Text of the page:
About Pest Control Crouch End

General Election 2019: Polls open across London

General Election 2019: Polls open across London

Ballot box

Image copyright
PA

Voting is under way to decide who will represent London’s 73 parliamentary seats.

Londoners will decide the fate of hundreds of parliamentary candidates including the prime minister and leader of the Labour Party.

Registered voters will be able to cast their ballots from 07:00 to 22:00 GMT.

Labour represented 46 seats in the city going into the 2019 General Election. The Conservative had 20 London MPs while Liberal Democrats had four.

The BBC, like other broadcasters, is not allowed to report details of campaigning while the polls are open. More details around electoral law and our BBC code of practice is explained here.

mouse exterminator

Source link

London minicab qualifications from private schools banned

London minicab qualifications from private schools banned

Minicab

Image caption

Minicab drivers must sit mandatory exams to get a licence from Transport for London

Minicab drivers in London will only be able to gain required qualifications at official centres after a cheating scandal was exposed by the BBC.

Drivers could previously sit mandatory exams at Transport for London (TfL) centres or authorised private schools and colleges to get a licence.

However the investigation found some colleges cheated the required tests.

TfL said all licences gained from colleges where cheating occurred had been revoked.

‘Urgent review’

As part of the cab application process, drivers must sit a topographical exam and an English test at one of eight official TfL testing centres.

Evidence of these exams can also be accepted via other qualifications including BTecs, which are usually taken at numerous private colleges and centres around the UK.

Some employees at one of these colleges – Vista Training Solutions in Newham, east London – offered to take the tests for several BBC researchers for £500 per BTec.

After the cheating was exposed, TfL carried out an “urgent review” of every licence gained through qualifications passed at private colleges.

It has now revoked those of 143 drivers who had gained them through Vista Training Solutions while another 209 licence applications made by people who passed their qualifications through the college have also been rejected.

The transport authority added that no evidence of “fraudulent activity” had been found at any other private colleges but from February, qualifications will only be allowed to be gained from one of TfL’s eight testing centres.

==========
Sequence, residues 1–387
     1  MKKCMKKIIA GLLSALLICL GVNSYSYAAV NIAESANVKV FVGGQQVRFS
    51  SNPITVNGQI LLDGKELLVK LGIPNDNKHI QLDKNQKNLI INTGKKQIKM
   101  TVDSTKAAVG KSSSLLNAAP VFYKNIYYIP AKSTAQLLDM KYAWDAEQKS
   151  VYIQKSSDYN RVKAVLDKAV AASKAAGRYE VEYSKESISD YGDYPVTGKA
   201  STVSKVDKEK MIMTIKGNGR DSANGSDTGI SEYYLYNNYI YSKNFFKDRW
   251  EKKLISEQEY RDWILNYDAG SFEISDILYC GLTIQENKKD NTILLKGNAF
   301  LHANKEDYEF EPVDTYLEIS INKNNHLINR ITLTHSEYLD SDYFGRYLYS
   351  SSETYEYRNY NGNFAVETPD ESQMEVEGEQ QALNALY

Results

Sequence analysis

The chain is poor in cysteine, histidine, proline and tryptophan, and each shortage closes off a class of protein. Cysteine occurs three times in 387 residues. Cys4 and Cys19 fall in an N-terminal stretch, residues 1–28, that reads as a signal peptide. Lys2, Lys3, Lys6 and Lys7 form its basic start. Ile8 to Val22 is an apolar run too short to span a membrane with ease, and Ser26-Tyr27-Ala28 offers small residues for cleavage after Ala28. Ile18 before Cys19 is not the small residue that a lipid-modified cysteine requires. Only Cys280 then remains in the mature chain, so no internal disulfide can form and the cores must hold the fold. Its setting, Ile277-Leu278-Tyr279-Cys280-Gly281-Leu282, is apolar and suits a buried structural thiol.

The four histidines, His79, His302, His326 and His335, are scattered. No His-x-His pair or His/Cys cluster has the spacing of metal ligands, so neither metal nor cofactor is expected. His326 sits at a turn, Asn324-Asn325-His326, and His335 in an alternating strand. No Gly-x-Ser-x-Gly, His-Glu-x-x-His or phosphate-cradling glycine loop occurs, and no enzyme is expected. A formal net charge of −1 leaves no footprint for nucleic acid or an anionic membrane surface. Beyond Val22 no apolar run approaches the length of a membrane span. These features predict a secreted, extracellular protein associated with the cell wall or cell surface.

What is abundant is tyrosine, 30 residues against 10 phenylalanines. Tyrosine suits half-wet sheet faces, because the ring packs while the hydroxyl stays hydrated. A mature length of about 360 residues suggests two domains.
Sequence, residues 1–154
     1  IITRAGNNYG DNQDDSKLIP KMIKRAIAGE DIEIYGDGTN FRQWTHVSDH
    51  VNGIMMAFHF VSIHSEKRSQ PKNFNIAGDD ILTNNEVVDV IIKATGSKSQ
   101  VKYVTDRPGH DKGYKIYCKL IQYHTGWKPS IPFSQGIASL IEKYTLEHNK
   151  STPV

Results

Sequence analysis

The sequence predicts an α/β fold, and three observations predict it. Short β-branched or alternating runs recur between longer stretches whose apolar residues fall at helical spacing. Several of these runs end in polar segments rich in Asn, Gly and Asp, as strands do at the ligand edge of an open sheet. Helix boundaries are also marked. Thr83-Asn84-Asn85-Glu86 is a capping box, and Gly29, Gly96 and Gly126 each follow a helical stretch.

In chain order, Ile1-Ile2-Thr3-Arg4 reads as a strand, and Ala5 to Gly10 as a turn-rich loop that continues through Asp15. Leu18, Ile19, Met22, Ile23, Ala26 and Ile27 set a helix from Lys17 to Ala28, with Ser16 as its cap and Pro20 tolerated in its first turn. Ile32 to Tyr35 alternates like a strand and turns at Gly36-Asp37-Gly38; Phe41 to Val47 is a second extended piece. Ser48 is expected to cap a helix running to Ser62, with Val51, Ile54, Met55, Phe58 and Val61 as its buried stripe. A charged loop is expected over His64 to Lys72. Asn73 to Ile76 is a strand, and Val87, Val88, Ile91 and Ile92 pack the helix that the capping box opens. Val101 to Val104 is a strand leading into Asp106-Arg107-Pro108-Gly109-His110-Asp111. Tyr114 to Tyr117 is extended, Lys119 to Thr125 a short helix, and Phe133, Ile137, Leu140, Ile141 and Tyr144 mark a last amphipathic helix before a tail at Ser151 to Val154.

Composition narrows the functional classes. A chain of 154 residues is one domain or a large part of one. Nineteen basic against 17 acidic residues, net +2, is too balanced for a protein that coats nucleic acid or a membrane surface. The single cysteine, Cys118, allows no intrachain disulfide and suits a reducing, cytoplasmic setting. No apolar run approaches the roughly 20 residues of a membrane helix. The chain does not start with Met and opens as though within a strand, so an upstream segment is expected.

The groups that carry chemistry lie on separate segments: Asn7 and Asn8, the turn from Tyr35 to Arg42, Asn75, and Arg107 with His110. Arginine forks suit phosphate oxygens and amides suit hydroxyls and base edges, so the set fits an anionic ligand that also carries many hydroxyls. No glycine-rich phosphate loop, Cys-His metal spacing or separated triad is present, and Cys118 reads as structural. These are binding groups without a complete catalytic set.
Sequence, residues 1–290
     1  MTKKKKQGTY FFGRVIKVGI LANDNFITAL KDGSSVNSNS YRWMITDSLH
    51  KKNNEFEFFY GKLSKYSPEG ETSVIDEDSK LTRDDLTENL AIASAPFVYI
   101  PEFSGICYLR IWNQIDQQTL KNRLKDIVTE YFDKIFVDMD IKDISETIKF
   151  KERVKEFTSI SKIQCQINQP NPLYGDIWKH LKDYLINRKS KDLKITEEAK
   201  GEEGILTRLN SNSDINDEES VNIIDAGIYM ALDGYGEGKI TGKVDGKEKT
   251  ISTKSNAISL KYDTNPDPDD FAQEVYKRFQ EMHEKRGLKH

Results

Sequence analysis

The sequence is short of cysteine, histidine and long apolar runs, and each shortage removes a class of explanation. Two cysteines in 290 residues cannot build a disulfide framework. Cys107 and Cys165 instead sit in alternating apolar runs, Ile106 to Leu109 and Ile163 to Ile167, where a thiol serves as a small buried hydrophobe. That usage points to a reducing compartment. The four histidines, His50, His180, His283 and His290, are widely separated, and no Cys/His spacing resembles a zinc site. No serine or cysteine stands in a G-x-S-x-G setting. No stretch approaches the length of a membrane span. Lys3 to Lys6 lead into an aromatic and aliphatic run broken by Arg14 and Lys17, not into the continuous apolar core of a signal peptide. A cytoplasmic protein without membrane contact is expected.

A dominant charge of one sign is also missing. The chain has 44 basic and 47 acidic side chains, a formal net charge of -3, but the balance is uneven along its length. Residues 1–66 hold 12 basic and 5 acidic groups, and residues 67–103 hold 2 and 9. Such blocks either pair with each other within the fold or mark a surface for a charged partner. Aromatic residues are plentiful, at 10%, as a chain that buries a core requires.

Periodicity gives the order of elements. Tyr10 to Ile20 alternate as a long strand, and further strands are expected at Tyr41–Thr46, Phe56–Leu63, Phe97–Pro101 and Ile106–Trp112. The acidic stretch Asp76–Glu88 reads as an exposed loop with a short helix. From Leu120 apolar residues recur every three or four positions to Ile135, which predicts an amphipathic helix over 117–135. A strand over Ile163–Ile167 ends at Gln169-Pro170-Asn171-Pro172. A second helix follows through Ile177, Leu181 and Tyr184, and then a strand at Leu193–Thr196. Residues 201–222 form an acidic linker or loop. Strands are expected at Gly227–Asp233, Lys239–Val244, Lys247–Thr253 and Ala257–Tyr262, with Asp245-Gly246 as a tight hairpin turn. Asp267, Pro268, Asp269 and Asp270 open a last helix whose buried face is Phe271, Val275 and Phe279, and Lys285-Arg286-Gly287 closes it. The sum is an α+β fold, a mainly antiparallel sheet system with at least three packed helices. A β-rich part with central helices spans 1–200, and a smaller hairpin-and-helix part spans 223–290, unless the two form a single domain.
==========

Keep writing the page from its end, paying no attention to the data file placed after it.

“The most robust and relevant topographical tests are our own assessments,” said Helen Chapman, TfL’s director of licensing, regulation and charging.

Media playback is unsupported on your device

Media captionGerti Qamili, a manager at Vista, was challenged after the secret filming

In a statement Ofqual, which regulates tests taken at private colleges, said it took “all allegations of qualifications fraud extremely seriously”.

Vista Training Solutions previously said it was “devastated to learn that such malpractice took place” and apologised “unreservedly”.

wasp nest removal

Source link

Nuno Espirito Santo is a potential replacement if Arsenal sack Unai Emery

Nuno Espirito Santo is a potential replacement if Arsenal sack Unai Emery

Unai Emery’s Arsenal are eight points adrift of the top four in the Premier League

Arsenal have identified Wolves boss Nuno Espirito Santo as a potential replacement for Unai Emery if the Gunners decide to sack the Spaniard.

Head coach Emery is under pressure after a winless run of six matches across all competitions.

Arsenal have only won four of 13 Premier League games this season.

BBC Sport understands that if Emery is sacked and Nuno is allowed to speak to Arsenal, then the Portuguese would be a strong contender to take over.

Nuno said it would be “disrespectful” to talk about being linked with Arsenal when asked in a news conference before his side’s Europa League tie against Braga on Thursday.

“I wouldn’t ever mention an issue which is not a reality,” he said. “Speaking about a job which has a manager would be disrespectful and I will not do so.”

My focus is on today and tomorrow – Emery

Emery said he still has the full support of the club, having been warned results must improve while being offered public backing by the Arsenal hierarchy earlier this month.

“Really the club is supporting me,” he said. “I feel the club, everyone responsible in that area, is backing me. Really I appreciate it a lot.